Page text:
3) Airbus A320: The A320 is an entire family of twin engine, narrowbody jets. It is the second best selling family of jets today. Famous for being the first commercial airliner that used Fly By Wire controls, it is extremely automated.




The smallest member of the family is the A318, which is primary competition for the 717 and it tops off at the A321, which was intended to be a competitor for the 757, but failed miserably. Its flight deck is very similar to most other Airbus products, as well as being extremely spacious.




2) Boeing 777: The Boeing 777 is, currently, the longest range commercial aircraft in the world. The long range variant can fly a total non stop distance of 9,380 Nautical Miles (That's the equivalent of 17,370 km) Impressed yet? How about this- It's a twin jet.

When Boeing first started development, many naysayers said that a twin jet would never earn the ETOPS certification that would allow it to go anywhere in the world (known as ETOPS 330)




Boeing proved them wrong by demonstrating to the FAA the aircraft's high standard of reliability. And if one of it's engines, which are the most powerful and largest turbofans in the world, were to quit while flying over mid ocean, it could safely make it back to land on it's remaining engine.




The 777 is an amazingly technologically advanced aircraft, featuring systems such as automatic rudder compensation on the event of an engine failure on takeoff roll, as well as being Boeing's first Fly By Wire aircraft. Despite this, Boeing still opted to retain the traditional yoke.




1) Boeing 737: Few aircraft have enjoyed as much success. Boeing has sold more units of this single aircraft alone than Airbus has sold its entire product line since its formation. The 737 has come to be known as the industry standard for reliability, and has defined itself as the airline work horse.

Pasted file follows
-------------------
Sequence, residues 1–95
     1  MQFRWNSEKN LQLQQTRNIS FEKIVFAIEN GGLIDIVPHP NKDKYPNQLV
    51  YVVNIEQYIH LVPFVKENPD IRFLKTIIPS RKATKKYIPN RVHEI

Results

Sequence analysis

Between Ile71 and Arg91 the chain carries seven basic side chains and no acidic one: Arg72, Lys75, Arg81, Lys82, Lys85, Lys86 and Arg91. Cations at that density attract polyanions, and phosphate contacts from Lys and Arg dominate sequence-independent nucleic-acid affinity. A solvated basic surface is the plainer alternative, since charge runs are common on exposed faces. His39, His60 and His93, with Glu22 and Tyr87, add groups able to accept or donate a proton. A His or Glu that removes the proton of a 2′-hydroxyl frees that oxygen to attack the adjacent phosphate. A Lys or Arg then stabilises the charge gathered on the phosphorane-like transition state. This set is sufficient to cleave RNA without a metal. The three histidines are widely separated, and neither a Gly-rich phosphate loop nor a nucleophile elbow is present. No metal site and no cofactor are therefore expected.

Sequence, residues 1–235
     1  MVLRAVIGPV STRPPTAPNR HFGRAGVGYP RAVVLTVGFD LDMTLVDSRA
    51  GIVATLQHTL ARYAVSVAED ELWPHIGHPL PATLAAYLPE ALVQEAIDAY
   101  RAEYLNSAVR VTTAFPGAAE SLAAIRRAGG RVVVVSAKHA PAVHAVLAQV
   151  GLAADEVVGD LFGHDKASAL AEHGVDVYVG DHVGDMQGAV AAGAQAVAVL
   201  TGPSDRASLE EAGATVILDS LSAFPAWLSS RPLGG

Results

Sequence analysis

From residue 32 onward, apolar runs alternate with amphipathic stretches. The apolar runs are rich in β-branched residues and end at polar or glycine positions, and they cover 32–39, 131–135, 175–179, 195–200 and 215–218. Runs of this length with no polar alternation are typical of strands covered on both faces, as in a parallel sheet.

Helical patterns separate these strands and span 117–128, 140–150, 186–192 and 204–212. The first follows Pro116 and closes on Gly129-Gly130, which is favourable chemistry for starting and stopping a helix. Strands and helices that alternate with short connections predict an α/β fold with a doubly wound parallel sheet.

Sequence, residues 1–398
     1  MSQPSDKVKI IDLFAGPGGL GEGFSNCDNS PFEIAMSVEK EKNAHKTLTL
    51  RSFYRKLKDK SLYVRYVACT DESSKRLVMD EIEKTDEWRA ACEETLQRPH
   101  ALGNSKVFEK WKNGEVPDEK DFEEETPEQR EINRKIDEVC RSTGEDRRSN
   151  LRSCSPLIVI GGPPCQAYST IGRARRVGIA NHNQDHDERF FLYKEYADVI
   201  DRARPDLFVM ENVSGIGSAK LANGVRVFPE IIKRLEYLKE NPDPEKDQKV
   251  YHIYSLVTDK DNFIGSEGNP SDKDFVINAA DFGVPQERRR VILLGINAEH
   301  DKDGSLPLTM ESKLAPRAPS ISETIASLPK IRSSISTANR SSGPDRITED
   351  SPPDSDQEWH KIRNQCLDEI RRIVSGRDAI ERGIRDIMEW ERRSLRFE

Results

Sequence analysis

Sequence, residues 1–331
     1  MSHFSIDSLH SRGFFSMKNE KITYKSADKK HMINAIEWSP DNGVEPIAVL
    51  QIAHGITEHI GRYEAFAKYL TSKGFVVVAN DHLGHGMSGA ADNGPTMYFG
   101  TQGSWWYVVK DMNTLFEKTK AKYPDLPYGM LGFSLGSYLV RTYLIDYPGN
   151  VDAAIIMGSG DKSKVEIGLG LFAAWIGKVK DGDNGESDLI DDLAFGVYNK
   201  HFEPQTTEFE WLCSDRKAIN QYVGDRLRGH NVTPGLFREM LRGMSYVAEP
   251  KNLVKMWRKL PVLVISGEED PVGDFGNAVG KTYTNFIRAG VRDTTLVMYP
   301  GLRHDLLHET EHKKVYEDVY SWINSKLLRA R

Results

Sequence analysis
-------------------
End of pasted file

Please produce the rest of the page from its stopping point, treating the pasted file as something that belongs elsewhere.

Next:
Since its rollout in 1967, it has amassed more than 8,000 orders. There are more than 1,250 737's flying overhead at any one given time. Although it is a 60's design, the 737 has had many major improvements. The 737NG line introduced an all glass flight deck, as well as HUD's and increased automation. Newer, more efficient and more powerful engines were fitted. It was lengthened considerably and its operating weights were also increased.




Some airlines, like Southwest and Ryanair operate exclusively this aircraft, with Southwest having a fleet of over 540 737's. A few weeks ago, Boeing announced the new Boeing 737 Sky Interior, which boasts new lighting to help make the flying experience more soothing and increased space.




With the Boeing backlog for the 737 still sporting some 2,000 orders, and with more orders to come in the foreseeable future, one will be seeing a whole lot of this amazing aircraft.